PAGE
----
SFI External Professor Herbert Gintis is featured in an article that explores an emerging hypothesis that projectile weapons were an important driver of early human social organization.

"At the heart of this theory is a simple idea: the invention of weapons that could kill at a distance meant that power became uncoupled from physical strength," the article reads. "Even the puniest subordinate could now kill an alpha male, with the right weapon and a reasonable aim. Those who wanted power were forced to obtain it by other means – persuasion, cunning, charm – and so began the drive for the cognitive attributes that make us human."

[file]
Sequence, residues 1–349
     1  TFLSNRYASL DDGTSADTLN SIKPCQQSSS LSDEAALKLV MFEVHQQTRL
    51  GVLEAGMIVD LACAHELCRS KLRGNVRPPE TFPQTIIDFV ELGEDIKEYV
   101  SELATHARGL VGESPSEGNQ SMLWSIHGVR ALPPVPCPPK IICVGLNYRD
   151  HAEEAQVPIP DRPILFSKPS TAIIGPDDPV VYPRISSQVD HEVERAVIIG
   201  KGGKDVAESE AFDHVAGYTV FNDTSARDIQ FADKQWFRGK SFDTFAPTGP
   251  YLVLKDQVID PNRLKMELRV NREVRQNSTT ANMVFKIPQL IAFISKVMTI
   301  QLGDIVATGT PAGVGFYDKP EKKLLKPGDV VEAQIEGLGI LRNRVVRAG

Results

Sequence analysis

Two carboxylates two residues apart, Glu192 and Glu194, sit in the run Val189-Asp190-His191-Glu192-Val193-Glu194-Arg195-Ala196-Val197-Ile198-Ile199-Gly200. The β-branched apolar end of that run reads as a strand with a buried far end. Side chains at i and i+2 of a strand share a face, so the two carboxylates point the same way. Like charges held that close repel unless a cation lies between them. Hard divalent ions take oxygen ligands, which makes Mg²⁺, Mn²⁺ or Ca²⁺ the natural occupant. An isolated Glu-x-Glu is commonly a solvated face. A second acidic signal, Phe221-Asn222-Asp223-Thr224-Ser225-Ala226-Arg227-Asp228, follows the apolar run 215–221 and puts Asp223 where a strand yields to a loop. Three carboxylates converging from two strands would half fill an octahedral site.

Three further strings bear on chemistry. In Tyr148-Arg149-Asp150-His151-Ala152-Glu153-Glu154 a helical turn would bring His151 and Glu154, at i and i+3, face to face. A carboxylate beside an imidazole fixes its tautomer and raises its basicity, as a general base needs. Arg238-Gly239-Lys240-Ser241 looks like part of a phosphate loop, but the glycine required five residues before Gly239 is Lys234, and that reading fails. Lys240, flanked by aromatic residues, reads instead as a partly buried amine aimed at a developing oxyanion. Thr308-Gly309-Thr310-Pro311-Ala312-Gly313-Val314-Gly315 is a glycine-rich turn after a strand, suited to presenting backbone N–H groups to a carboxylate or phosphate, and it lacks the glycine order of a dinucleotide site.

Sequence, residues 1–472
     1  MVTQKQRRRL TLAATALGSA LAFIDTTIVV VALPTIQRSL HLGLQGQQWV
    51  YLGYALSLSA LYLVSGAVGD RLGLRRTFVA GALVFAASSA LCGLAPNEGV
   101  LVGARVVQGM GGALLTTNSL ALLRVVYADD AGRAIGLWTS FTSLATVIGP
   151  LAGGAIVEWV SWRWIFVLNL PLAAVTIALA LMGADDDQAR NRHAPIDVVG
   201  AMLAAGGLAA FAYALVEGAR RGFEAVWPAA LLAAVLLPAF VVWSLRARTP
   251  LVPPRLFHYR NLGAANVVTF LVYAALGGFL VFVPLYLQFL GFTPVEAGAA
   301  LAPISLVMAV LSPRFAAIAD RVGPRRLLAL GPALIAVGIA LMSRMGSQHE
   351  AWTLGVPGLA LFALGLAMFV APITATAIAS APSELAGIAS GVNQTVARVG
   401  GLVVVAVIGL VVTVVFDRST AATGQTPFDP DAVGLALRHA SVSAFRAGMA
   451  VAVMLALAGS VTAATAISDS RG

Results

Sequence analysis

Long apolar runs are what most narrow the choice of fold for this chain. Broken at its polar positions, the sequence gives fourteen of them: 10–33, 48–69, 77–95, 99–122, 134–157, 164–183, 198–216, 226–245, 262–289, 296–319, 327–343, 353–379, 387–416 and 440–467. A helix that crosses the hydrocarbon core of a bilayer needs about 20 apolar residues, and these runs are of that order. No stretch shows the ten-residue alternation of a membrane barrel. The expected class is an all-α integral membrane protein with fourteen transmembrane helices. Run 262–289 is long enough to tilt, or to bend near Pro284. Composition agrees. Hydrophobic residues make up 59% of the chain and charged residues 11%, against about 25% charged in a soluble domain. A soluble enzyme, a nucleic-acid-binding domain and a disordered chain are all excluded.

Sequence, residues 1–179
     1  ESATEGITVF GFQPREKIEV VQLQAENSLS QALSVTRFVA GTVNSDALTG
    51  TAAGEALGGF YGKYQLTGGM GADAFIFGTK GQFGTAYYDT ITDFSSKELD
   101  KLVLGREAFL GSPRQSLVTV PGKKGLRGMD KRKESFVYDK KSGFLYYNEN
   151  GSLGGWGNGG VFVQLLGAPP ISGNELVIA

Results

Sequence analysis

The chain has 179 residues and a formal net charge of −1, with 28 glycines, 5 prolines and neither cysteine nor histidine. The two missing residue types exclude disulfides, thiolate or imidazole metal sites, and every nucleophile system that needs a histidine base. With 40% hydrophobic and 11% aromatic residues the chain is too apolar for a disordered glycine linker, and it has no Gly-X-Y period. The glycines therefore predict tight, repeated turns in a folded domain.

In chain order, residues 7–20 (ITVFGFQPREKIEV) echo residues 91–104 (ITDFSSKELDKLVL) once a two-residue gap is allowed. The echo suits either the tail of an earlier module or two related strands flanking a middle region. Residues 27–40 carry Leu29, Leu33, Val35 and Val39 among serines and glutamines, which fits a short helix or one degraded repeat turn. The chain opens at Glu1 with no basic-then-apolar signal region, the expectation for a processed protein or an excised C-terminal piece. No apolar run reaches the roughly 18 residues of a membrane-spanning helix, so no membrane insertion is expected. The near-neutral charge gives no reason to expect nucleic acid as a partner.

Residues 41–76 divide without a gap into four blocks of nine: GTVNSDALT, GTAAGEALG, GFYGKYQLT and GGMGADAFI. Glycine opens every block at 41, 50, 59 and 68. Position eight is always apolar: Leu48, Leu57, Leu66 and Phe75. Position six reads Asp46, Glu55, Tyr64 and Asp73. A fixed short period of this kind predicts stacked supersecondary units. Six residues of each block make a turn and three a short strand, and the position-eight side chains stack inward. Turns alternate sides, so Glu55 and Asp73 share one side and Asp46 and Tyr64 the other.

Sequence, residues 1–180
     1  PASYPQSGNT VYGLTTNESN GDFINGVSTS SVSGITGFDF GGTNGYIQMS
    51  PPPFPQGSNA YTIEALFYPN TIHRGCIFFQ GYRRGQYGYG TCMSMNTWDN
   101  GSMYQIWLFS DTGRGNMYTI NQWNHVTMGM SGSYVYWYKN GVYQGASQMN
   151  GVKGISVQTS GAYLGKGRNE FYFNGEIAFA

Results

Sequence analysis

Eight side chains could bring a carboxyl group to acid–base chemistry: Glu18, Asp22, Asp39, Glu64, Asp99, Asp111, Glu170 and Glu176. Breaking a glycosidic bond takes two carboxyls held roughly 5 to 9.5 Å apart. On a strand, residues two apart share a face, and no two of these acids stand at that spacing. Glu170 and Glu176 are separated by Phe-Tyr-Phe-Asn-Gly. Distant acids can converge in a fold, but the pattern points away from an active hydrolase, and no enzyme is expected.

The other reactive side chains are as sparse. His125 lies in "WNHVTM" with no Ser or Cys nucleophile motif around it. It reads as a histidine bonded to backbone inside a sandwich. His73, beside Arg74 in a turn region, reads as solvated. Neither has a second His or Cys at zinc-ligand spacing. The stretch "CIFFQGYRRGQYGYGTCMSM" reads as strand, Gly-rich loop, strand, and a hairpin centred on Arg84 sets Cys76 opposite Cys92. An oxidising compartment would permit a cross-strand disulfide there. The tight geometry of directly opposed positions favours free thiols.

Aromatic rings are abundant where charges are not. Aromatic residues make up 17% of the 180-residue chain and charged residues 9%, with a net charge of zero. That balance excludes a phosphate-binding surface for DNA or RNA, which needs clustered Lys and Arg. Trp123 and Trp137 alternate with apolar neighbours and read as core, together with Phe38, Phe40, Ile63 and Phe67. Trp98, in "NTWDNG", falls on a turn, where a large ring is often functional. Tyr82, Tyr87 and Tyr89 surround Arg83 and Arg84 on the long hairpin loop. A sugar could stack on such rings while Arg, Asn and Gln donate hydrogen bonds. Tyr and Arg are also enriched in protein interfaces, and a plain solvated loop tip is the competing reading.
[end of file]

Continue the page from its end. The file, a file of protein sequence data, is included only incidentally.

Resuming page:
Read the article in New Scientist (October 13, 2012, subscription required)

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